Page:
2. Launch a video advertisement that gives more of your company backstory to those users. Help them understand who you are in a more complete, compelling way.
3. Launch an article for Page Post Engagement to that audience to help them see external validation of your product.
4. Showcase your products using an engaging Canvas ad, which combines video and photos to more completely describe who you are.
These are just a few examples of successful tactics I’ve launched using Funnels. There are many more.
One of the most valuable target groupings that surprisingly doesn’t get much attention is previous purchasers. As advertisers, we focus a lot of attention on brand new acquisition and sometimes we forget about the people who already know us. This group of customers shouldn’t be forgotten.
Compounding this problem, many advertisers do not properly calculate Lifetime Value. They focus on Cost Per Acquisition (CPA) instead of Lifetime Value, which can help provide more of a buffer when acquiring new customers versus only looking at your average order value and calculating at what cost you must obtain a new customer.
As competition rises and prices continue to increase, we must consider what a true value of a customer is over his or her lifetime. For example, let’s take a recent conversation I had with a client and break it down.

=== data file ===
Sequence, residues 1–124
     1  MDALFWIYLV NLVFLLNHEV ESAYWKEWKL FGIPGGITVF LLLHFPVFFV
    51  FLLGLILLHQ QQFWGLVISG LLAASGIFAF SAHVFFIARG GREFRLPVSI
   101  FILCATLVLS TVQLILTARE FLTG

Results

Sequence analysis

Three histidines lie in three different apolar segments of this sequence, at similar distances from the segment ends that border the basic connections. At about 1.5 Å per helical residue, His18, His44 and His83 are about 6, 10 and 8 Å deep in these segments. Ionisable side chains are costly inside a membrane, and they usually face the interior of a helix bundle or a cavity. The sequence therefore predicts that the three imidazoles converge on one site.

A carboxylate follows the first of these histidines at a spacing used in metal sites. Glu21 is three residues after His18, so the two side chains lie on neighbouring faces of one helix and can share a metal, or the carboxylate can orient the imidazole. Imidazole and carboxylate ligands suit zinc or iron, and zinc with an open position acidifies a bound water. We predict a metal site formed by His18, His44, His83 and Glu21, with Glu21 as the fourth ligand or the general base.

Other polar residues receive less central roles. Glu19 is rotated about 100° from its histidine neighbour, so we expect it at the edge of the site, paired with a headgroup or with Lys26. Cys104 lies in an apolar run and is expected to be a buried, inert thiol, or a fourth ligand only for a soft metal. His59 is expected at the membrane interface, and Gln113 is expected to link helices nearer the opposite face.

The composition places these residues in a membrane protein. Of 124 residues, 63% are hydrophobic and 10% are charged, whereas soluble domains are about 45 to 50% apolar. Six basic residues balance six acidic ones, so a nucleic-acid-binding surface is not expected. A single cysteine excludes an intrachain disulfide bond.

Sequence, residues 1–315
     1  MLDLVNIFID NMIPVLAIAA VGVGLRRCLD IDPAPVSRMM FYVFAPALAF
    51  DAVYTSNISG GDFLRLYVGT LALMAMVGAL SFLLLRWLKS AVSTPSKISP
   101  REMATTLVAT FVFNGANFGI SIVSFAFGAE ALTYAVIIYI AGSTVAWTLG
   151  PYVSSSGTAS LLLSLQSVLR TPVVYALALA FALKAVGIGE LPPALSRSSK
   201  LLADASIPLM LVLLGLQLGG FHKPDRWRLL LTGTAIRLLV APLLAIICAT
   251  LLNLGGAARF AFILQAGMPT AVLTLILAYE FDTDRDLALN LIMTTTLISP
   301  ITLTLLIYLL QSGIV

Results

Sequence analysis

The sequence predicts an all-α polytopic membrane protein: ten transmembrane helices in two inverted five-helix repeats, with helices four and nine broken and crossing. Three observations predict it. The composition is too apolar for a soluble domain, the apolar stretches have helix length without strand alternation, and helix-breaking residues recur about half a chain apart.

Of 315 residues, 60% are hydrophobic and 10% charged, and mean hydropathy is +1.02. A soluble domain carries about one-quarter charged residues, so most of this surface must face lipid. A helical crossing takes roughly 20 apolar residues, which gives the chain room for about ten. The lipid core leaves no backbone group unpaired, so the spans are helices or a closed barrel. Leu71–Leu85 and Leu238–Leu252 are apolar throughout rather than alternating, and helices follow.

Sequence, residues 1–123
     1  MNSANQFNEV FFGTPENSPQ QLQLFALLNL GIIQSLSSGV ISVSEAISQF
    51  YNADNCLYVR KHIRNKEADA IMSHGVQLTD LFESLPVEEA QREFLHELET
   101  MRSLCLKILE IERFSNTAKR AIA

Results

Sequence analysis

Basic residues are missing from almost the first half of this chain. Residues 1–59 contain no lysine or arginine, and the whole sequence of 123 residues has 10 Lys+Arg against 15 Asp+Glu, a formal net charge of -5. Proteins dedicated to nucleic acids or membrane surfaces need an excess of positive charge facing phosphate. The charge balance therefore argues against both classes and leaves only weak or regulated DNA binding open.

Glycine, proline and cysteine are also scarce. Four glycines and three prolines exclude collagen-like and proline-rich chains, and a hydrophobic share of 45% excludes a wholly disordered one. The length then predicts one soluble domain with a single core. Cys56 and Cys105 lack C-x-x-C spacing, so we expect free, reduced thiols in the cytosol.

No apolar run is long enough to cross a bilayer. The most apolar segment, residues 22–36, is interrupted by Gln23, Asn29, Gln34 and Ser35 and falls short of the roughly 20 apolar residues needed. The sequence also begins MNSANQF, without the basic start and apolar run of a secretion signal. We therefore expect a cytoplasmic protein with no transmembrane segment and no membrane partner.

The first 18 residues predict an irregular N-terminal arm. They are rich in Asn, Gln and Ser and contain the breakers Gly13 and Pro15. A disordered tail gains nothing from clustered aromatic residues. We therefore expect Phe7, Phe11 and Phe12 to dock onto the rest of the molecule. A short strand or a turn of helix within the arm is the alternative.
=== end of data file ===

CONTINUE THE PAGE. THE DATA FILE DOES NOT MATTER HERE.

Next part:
- Their average order value is ~$40.
- Their CPA goal is $20. If an ad set CPA goes above $20, they turn it off immediately.
- Their lifetime value (LTV) is $80.
- Their ads are having a hard time getting conversions at $20.
It’s a challenging conundrum because as competition rises on Facebook and Instagram, advertisers have to consider measuring their LTV, not just CPA. You can find this information via Lifetime Value within Facebook Analytics.
My first advice to them was “consider raising your CPA goal to $30.” By increasing it, you allow your ad sets to get a higher CPA before turning them off and you’re considering the lifetime value.
Consider these LTV graphs from Facebook Analytics.
Here are a few overall observations:
- Over a 12-week period, the LTV has increased from $40 (likely their first purchase) to $84.
- The week of March 7-13, you can see those users are already at $71 for their LTV in week 4.
Question Related to Lifetime Value
Here’s a sample question on the Lifetime Value topic:
What can I do to increase Lifetime Value of these customers? How can I improve from $84 to $100+ over a 12-week period?
1. Launch a series of ads for twelve weeks, introducing them to new products in your store.
2. Launch a Dynamic Product Ad utilizing a new product set they’ve not yet been exposed to before.
3. Do a Facebook Live showcasing new products and advertise it only to previous customers via the conversion objective.
4. Create a custom discount code only for previous purchasers to use, asking them to come back and try another product.
5. Launch a series of different objectives, such as Page Post Engagement and Reach at the previous customer audience to see if you’re able to touch a wider segment of that core audience.
Raising the LTV has a lot to do with storytelling, so the more you can turn customers into advocates the better.
If you want to learn even more or if you have questions about how to dive deeper into these topics, join us on April 24 and 26 for our upcoming master class on Facebook Analytics.